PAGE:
Find connectivity of mind, body and spirit through personalized wellness coaching offered by Durham-based Uplyx.
Uplyx just soft-launched its website, which allows users to take a 40-question assessment about their lifestyle, nutrition, stress level, and exercise preferences, with some factors (like smoking and alcohol consumption) weighed more heavily than others.
From there, an algorithm produces a wellness score, an Ayurvedic body type, and a wellness regimen. Users can schedule coaching sessions with the Uplyx team and get access to daily recommendations and specific proprietary formulas. Ayurveda is an alternative medicine practice that originated more than 5,000 years ago in India.
From herbal remedies to meditation, physical therapy, nutrition and exercise, Uplyx shifts the focus to prevention, rather than reaction and pharmaceuticals that all too often constitute the approach of Western medicine.
Founder and CEO Anne-Christin Grimme came to North Carolina from Stuttgart, Germany, two years ago to attend Duke’s Fuqua School of Business. She says she’s always found ways to cure herself with herbal remedies rather than medicine, but she noticed a different mindset in the U.S.
“When I came to the U.S.—I’m originally from Germany—I was really shocked how readily people pop pills for small ailments,” Grimme said. “I just really couldn’t believe that.”
Rather than prescribing pills, Uplyx promotes something that’s cheaper and has fewer side effects: Ayurgenomics, a scientific practice that applies the ancient alternative medicine practice of Ayurveda in the context of the latest research findings in genomics.
“Ayurveda really looks at the whole body and person and focuses on prevention,” Grimme said. “I think there’s a really big gap in the healthcare system here that focuses on disease management rather than prevention, and it’s the time now that people need to own their health and be interested in prevention as well.”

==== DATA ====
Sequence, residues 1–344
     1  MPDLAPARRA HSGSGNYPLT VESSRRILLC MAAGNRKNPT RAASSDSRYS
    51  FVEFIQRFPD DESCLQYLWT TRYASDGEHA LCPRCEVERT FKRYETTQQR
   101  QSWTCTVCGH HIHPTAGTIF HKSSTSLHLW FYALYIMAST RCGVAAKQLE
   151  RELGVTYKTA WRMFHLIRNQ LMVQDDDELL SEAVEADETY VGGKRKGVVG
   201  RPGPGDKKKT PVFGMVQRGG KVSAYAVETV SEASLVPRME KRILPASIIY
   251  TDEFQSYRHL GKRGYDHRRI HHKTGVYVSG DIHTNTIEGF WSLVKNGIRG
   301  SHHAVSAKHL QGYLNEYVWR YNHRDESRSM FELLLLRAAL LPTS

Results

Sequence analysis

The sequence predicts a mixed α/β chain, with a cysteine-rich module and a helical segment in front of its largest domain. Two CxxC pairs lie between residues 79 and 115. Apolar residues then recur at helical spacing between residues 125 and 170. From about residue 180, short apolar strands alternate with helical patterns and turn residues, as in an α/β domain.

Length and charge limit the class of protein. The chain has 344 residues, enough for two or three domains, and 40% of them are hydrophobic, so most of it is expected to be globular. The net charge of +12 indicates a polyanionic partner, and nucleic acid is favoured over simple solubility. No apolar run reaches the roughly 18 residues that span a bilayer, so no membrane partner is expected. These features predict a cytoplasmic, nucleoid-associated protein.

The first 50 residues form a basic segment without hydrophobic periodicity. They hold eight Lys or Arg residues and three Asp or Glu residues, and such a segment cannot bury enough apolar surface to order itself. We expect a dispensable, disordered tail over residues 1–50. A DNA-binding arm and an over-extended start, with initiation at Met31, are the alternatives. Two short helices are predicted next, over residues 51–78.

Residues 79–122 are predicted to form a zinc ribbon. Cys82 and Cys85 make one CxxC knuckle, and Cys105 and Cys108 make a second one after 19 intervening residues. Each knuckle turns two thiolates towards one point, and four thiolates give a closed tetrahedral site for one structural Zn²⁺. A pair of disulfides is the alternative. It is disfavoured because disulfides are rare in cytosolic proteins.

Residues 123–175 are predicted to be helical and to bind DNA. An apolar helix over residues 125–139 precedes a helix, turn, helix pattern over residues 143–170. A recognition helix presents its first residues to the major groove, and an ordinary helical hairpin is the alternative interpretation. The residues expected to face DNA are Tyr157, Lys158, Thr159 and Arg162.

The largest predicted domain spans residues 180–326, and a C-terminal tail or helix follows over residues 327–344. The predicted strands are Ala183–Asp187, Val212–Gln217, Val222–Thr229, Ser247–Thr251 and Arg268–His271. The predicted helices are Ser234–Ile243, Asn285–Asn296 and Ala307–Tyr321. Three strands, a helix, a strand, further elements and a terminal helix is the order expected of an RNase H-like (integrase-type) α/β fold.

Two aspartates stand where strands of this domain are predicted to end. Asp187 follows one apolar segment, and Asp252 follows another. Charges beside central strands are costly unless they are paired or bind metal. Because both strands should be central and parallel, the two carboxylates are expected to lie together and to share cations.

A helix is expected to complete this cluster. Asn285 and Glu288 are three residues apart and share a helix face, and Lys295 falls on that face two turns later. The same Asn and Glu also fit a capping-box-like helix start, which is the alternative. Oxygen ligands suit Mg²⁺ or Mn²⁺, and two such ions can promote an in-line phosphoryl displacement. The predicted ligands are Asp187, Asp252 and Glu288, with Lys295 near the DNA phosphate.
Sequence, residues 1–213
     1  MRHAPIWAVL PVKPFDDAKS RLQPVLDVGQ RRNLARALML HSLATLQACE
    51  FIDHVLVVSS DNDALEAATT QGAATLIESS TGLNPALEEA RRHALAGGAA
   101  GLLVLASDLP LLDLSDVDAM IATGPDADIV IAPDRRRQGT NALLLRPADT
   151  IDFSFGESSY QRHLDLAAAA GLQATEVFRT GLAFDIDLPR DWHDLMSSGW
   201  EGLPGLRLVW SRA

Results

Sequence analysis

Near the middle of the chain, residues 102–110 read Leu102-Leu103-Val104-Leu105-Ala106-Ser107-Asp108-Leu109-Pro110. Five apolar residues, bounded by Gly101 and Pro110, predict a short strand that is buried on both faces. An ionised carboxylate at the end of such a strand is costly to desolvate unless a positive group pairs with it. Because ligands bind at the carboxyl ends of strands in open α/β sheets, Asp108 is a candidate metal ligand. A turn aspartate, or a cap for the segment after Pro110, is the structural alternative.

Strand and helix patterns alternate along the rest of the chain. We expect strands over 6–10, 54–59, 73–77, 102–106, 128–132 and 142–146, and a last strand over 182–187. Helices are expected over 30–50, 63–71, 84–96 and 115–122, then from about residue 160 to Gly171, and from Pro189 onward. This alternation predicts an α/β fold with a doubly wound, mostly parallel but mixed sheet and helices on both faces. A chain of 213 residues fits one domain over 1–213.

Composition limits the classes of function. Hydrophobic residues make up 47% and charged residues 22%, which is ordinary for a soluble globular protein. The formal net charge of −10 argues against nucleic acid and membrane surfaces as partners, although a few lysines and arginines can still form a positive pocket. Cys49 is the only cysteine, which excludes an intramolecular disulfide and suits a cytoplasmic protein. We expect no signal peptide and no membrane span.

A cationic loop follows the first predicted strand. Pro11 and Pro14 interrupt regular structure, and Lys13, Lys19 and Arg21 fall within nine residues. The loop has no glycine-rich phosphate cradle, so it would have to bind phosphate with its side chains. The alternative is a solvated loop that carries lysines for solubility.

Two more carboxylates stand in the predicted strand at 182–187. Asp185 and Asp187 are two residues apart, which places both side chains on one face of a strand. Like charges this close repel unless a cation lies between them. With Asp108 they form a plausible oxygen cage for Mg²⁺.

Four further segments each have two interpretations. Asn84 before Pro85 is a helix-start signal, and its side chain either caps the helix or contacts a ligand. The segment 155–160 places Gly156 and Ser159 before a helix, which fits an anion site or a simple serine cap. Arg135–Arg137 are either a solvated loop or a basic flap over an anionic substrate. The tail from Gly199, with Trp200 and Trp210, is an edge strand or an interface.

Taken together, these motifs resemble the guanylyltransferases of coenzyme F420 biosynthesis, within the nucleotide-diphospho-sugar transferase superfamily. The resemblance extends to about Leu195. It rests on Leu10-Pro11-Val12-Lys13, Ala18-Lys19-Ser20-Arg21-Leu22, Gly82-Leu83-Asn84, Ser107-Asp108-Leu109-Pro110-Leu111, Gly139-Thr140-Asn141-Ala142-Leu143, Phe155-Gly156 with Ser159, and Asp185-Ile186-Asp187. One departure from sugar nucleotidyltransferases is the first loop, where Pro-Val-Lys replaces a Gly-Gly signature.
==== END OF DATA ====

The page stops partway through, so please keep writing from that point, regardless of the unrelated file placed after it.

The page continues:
Grimme says the problem with current state-of-the-art biotech solutions that claim to provide the perfect personalized nutrition plan or predict risk of specific diseases based on blood, genomic or biomic assessment, is that most chronic diseases are not monogenic (i.e. they are not caused by a single gene mutation).
Rather, chronic diseases are multigenic complex disorders that involve an large amount of gene variations and interplay with lifestyle and environment. She says it’s almost impossible to achieve 100 percent accuracy with one single test.
Grimme, who has gotten certified as a yogi in India, started working on the idea for Uplyx in December 2019 and teamed up with Payal Patel, a holistic health coach based in Texas. Grimm built the Uplyx algorithm, and the company is currently exploring whether FDA approvals would be feasible and valuable.
It’s all connected
The assessment and algorithm provide a comprehensive, holistic view of a person’s health. Grimme says all those factors work in sync.
“You can’t just focus on one factor of the health equation to optimize your health,” she said. “You have to take all of these factors into consideration, and so this is what we are doing.”
Grimme, who graduated with an MBA in May, is currently part of Duke’s summer accelerator program and plans to work on Uplyx full-time.
She says her goal for Uplyx is to build literacy of alternative, holistic modalities rather than people resorting to quick fixes, like pills.
“It’s just this vicious cycle,” she said. “Once you start taking one, then you have to take two, and eventually you won’t be able to stop. My goal is to change that paradigm.”